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Capital Repertory Theatre Has A New Home

Composite Image by Dave Lucas (WAMC)

One of Albany’s leading arts institutions is moving to new digs, but staying downtown.

Since its inception in 1981, Capital Repertory Theatre has occupied a former supermarket at 111 N. Pearl Street.

Now, on the strength of a $1.8 million Restore New York Communities Initiative grant through Empire State Development, the company is heading to a new Livingston Square space in December 2019.

The National Biscuit Co. building, at 251 N. Pearl Street, will become the new home, with a 300-seat main stage,  full time café and box office.

Producing Artistic Director Maggie Mancinelli-Cahill:   "For me, having a new theater space is all about what we can do on our stage and behind our stage. For the first time, we won't have columns for people to stare through. Every seat in that theater is going to have a perfect view of the stage, and our backstage people will be able to bring a whole new world of technology to the theater that we can't right now because of the limitations in our facility. And on top of that, there's going to be a 70-feet black box theater so that we can do experimental work, we can do some things for children, and we can really develop our new plays in a way that we can't now."

Spokesman Michael Eck says the 30,000-square foot former bakery will also house new administrative offices, rehearsal rooms, an event space and dedicated costume and prop shops.   "Now that we're going to be under our own roof and we can make changes that we desire, we're gonna be able to have a full-time cafe, a full-time box-office, so we'll really be open all the time. People could come in and visit. We have great neighbors around the corner with Albany Distilling, Ida Yarbrough Homes across the street, so we're really gonna make an effort to invest ourselves in the community around Livingston Square."

Jean Leonard, chief-of-staff at Proctors, theREP and Saratoga Springs’ Universal Preservation Hall, says they've been working for a long time to secure a permanent home and theREP intends to be the community centerpiece.   "You know we love the idea of reaching more people. We love the idea of having more space so that we have some options for the kinds of things we do with folks in the neighborhood and beyond. It certainly gives us an opportunity to do more educationally, which is excellent. We already reach more than 17,000 students from 64 schools in the area, but the opportunity that we could reach even more and do it with some different programming is exciting. We love the idea that we've become a part of something greater, a piece of the puzzle in Livingston Square, which looks like it's gonna have some really fun things happening."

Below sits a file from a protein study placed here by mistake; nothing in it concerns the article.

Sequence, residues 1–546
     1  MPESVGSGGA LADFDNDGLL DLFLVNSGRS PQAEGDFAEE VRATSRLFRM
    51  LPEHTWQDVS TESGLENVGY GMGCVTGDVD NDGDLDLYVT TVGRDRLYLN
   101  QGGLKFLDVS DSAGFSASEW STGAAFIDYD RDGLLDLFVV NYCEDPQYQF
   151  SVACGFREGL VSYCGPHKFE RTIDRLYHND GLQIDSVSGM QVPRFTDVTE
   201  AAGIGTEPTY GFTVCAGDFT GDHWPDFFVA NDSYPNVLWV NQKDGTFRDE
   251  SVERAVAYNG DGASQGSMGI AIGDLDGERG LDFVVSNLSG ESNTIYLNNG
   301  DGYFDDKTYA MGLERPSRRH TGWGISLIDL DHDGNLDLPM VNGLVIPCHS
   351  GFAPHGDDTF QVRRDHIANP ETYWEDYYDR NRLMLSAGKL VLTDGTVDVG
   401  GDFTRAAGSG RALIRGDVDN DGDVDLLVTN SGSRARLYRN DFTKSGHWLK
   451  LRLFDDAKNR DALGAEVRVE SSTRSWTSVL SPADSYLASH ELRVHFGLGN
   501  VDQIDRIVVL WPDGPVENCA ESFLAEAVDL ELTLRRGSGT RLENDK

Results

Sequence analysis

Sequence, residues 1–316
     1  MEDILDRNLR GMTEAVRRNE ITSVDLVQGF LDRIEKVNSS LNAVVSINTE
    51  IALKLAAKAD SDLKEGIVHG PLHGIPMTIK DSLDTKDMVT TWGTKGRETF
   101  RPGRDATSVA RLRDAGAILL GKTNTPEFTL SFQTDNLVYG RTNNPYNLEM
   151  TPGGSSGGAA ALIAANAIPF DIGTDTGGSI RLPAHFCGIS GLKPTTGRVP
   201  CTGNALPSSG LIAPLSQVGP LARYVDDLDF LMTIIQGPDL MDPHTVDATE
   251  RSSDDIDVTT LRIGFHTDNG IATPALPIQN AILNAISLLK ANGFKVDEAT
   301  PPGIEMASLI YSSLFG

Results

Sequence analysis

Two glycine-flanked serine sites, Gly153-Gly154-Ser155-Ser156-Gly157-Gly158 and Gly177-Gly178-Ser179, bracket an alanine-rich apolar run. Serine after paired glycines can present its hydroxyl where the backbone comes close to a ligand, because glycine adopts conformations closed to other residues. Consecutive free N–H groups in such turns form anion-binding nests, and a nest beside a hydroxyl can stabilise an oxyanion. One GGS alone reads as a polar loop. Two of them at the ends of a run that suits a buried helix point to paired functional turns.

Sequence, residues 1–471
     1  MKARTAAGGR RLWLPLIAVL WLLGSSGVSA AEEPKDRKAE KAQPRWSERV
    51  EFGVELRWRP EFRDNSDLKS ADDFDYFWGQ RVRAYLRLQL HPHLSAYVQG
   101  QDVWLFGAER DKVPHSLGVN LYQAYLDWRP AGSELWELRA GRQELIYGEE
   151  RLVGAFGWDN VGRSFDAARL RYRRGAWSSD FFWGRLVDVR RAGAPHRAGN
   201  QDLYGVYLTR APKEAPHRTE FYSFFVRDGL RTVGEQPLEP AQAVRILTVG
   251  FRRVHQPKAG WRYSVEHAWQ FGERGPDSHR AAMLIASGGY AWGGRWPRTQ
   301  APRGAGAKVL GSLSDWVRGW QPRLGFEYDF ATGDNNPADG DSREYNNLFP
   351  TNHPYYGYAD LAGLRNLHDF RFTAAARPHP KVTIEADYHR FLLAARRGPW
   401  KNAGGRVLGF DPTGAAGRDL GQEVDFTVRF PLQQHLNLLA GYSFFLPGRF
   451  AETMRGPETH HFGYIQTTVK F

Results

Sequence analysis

It's anticipated that during the construction phase, the Livingston Square project will create up to 70 new jobs and have an $11 million impact on the Albany County economy. Officials say once fully operational at Livingston Square, theREP will create 47 permanent jobs and have an annual impact of $4.5 million on the local economy.

A second phase of the Livingston Square transformation will focus on creating on-campus artist housing near Livingston Avenue and Broadway.

Dave Lucas is WAMC’s Capital Region Bureau Chief. Born and raised in Albany, he’s been involved in nearly every aspect of local radio since 1981. Before joining WAMC, Dave was a reporter and anchor at WGY in Schenectady. Prior to that he hosted talk shows on WYJB and WROW, including the 1999 series of overnight radio broadcasts tracking the JonBenet Ramsey murder case with a cast of callers and characters from all over the world via the internet. In 2012, Dave received a Communicator Award of Distinction for his WAMC news story "Fail: The NYS Flood Panel," which explores whether the damage from Hurricane Irene and Tropical Storm Lee could have been prevented or at least curbed. Dave began his radio career as a “morning personality” at WABY in Albany.
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